Climate activists target oil and gas banks in global day of action
On Friday afternoon, the small group gathered in front of the Royal Bank of Canada headquarters on Bay Street in Toronto didn’t take up much space, until they did.
Just after 2 p.m., the gathered climate justice advocates dispersed across the Wellington Street intersection, bicycles and a motorized wheelchair and their users in front and, after a moment of tension with the first two drivers inconvenienced by the action, set up a camp which lasted for the remainder of the working day.
After they swept the streetcar tracks and installed an audio system, organizers used cardboard cutouts and paint to create a distorted version of RBC’s lion logo eaten by a bear.
The message was #RBCisKillingMe, and the institution most invested in fossil fuel projects among Canada’s five largest banks, was the primary target – but not the only one – at the Toronto event for this Global Day. action.
âThat’s all,â said Rivka Goetz, a 21-year-old University of Toronto student involved with a climate justice group there. âWe’re here in the Financial District, our banner here has all the logos over there, the Filthy Five is the new tagline that everyone is saying. All of these big five banks in Canada are heavily funding fossil fuels. ”
Campus activists got a big victory for the university earlier this week when it agreed to immediately begin divesting its $ 4 billion endowment fund of fossil fuel investments.
âIf we are to do something to curb the climate crisis, we have to stop giving our money and our power to fossil fuel companies,â Goetz said. “We don’t have enough time to rely solely on political decisions.”
The global action comes just before COP26, the United Nations climate change conference, where world leaders will try to agree on a range of issues related to the technical, logistical, financial and ideological areas of the crisis.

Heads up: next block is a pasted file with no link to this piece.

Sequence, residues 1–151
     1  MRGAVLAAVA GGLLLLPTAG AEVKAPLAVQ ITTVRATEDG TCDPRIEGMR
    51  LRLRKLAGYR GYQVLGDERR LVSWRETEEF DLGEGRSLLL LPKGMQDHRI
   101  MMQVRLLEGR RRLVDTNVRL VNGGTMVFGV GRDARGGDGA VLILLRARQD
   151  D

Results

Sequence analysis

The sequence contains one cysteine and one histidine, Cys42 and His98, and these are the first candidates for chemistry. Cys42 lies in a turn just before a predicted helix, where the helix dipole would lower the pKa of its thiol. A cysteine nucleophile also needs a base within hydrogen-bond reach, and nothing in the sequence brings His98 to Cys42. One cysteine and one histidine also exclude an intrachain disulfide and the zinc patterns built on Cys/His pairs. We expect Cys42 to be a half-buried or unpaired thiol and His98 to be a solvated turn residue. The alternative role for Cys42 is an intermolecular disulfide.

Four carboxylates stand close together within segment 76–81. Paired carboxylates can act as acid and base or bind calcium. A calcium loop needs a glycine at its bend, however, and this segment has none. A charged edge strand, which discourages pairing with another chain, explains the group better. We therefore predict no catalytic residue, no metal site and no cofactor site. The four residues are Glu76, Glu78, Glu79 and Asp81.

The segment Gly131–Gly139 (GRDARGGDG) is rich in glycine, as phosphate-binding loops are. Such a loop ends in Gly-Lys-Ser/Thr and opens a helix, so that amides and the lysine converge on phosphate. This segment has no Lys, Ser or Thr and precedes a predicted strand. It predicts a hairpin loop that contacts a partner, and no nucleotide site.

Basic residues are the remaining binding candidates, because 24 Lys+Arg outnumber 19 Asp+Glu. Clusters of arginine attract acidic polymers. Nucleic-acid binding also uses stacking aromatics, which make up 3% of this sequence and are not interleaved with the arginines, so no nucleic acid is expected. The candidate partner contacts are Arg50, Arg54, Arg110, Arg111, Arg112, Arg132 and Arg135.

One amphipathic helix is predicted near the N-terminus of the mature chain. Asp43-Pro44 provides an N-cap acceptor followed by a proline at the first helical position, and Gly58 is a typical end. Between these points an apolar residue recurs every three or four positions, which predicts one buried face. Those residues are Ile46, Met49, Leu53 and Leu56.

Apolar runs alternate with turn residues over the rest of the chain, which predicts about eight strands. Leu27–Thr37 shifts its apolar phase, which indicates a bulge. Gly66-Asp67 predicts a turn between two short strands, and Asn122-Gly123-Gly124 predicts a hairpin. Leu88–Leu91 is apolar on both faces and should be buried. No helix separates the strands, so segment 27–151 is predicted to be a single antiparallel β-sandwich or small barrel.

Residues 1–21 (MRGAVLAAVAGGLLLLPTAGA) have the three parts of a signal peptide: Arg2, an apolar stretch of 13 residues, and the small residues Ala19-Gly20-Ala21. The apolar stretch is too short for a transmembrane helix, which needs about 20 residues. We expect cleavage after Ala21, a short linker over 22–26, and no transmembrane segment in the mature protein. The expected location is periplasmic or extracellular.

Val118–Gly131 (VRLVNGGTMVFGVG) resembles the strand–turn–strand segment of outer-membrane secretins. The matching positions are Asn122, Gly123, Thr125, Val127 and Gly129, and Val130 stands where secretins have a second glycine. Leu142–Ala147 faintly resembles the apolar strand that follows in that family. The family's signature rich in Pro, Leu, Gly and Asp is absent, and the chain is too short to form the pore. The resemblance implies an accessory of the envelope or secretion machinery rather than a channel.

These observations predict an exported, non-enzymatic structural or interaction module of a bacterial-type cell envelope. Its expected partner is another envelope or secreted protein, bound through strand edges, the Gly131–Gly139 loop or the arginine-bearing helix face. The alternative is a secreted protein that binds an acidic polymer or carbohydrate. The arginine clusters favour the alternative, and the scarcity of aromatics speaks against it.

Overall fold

In Vancouver, around 200 people gathered on the sidewalk next to RBC’s main office in Vancouver and erected a two-story inflatable mannequin of RBC President David McKay.
For an hour, speakers harassed the bank, asking it to stop funding oil and gas, especially the controversial Coastal GasLink pipeline.
RBC has invested some $ 208 billion in fossil fuels since the Paris agreement, according to Greenpeace, including $ 6 billion for TC Energy’s Coastal GasLink pipeline project, which will transport fracking natural gas from Dawson Creek through the Rockies and other chains to Kitimat, BC, until exported to Asian customers.
This pipeline crosses unceded Wet’suwet’en territory, where there has been sustained resistance to the project. A hereditary chief of one of the five bands of the Wet’suwet’en Nation was one of two people arrested in a blockade outside a labor camp earlier this week, CTV BC reported .
Zoe, a 21-year-old woman from the Musqueam Nation who declined to share her last name, said each of her friends had a pipeline running through their home country.
The pipelines “destroy the land and our connection to it,” Zoe said.
âThe land is all we have,â she said.